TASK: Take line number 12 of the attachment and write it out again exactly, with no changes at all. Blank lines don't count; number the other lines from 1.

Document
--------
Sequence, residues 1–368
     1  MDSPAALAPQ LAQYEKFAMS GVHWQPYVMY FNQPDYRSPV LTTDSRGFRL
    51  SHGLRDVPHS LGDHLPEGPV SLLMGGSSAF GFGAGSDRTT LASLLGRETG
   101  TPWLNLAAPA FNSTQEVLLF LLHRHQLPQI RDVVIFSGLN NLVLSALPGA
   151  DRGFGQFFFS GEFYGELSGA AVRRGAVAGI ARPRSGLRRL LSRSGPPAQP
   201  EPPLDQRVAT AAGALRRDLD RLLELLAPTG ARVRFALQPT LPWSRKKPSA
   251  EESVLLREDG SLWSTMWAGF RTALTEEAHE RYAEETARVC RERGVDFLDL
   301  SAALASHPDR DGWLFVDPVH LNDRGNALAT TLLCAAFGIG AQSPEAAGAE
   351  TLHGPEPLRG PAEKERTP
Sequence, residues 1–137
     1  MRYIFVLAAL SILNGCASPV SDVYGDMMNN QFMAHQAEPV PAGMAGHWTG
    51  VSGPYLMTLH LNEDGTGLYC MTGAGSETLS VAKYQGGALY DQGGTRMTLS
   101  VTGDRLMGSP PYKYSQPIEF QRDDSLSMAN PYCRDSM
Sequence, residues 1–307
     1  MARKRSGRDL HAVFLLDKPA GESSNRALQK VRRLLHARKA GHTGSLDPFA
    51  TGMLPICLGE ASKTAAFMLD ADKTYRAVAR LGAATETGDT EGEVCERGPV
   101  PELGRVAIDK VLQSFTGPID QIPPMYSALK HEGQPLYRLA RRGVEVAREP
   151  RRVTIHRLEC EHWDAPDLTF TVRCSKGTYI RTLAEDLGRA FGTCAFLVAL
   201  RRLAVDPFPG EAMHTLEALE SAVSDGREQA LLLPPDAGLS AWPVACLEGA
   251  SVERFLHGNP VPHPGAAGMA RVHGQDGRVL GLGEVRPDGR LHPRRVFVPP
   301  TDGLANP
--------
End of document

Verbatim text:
    51  VSGPYLMTLH LNEDGTGLYC MTGAGSETLS VAKYQGGALY DQGGTRMTLS